I think peer pressure was a positive influence in this case. Students wanted to be able to contribute. One student in fact said that he enjoyed the group testing but wished he could “have helped more.”
Several students who suffer from math anxiety and test taking anxiety specifically said that the group testing helped overcome much of their anxiety. In fact, several students thanked me afterward for allowing the group test, citing a reduction of test stress as a major benefit.
Some students in some groups did more work than others and knew the content better, but they received the same grade as others in their group. It was also possible that a few students copied the work of others. I tried to prevent that from happening by careful monitoring, but that’s not foolproof.
For more introverted students it’s conceivable this testing approach could be uncomfortable. (However, the anonymous written feedback from my students didn’t indicate that this was an issue.)
I was able to get a good picture of the groups’ understanding, but I didn’t get as clear a picture of individual understanding. I did learn a lot by listening to each group’s conversations, but you can only listen to one group at a time.
What did the students think about it?
The day after the group test I gave students a post-it note and asked them to discuss how they felt about group testing. The responses were anonymous and students gave some thoughtful answers. Students were overwhelmingly in favor of group testing. Some of the comments are listed below:
- “I liked it, it was nice having people to help you through it and we had a good system of everyone helping.”
- “I think we should take the test in groups again because it helps people understand what they messed up on and go back on those problems.”
I was worried that the stronger students would feel put upon, but that didn’t seem to happen. In fact, in instances where I could discern who wrote what, their feedback suggested that they were some of the strongest advocates for the group testing method.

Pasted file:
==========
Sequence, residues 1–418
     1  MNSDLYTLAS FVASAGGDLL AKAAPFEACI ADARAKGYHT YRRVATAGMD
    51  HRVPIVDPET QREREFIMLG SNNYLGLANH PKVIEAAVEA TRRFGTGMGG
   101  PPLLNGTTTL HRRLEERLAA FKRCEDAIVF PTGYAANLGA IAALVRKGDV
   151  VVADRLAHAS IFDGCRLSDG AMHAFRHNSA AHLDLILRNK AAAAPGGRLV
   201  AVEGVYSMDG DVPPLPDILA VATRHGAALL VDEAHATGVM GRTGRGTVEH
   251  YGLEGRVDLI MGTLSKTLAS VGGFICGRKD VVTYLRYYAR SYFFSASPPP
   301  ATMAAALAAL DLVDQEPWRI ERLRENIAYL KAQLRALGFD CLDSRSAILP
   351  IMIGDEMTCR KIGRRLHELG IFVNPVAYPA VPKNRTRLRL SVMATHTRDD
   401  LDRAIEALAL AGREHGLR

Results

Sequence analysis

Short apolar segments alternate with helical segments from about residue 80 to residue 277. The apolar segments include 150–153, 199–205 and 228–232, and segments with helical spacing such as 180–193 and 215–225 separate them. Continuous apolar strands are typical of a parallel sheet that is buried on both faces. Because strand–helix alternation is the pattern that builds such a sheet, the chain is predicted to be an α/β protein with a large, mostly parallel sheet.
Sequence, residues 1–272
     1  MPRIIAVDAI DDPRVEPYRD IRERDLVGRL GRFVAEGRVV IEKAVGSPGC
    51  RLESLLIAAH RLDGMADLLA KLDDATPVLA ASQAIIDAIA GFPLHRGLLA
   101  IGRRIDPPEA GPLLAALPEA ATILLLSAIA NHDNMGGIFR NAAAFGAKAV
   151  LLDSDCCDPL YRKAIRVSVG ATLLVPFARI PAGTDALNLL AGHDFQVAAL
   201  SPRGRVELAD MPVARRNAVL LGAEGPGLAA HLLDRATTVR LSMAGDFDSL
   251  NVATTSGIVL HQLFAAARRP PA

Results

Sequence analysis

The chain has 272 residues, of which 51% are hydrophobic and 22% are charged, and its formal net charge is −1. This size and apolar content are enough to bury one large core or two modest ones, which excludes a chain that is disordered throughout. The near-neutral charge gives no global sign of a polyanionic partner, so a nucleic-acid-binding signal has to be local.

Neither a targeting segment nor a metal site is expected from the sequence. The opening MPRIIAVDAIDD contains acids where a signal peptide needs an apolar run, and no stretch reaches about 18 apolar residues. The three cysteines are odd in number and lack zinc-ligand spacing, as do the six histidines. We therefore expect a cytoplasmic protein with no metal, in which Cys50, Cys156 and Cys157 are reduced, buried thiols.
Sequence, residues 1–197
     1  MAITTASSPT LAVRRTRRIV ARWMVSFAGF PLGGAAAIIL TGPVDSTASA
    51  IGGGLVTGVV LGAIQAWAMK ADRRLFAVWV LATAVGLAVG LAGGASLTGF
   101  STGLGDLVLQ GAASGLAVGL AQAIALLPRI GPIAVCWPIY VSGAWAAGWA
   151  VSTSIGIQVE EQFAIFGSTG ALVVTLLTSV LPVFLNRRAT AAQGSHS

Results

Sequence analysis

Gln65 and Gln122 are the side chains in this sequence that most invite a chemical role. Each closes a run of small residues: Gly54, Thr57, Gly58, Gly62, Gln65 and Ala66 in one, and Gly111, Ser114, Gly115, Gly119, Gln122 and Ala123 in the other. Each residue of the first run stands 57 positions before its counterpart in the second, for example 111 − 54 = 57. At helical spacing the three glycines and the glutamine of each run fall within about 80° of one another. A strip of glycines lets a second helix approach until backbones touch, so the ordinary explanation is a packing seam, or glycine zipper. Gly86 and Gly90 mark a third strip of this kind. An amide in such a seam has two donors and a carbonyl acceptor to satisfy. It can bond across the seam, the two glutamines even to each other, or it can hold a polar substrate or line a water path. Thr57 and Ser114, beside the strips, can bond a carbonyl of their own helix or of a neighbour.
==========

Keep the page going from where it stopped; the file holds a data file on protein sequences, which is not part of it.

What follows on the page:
I was skeptical about being able to get all thel students to buy in and participate fully. I thought I might do this one time and might not do it again.
But after witnessing it firsthand, I realized that as a teacher I prefer a scenario where a student is able to work every problem with the help of his group over a student failing the test individually. In fact, many students who usually struggle had much higher grades than they usually have. Full disclosure: the average grades for the group test were about 10 points higher than the average for the last test the students had taken.
On a personal note, I really enjoyed only grading a fraction of the tests. In a class of 28 I only had seven papers to grade. I was actually able to get all the tests graded before class the next day. The group format meant that the students didn’t make as many minor math errors, because they had three other people to check their work with.
I wouldn’t do this for every test. I need to see what concepts students have mastered, and that requires individual assessment. There are many circumstances where group testing is not appropriate.
However, under the right circumstances group testing can be a great tool. I think it’s critical that parameters and expectations are clearly explained and adhered to, and there is room for students to abuse the process. But that can be minimized. The engagement and cooperation I witnessed coupled with the positive effect on student morale made it worth it to me!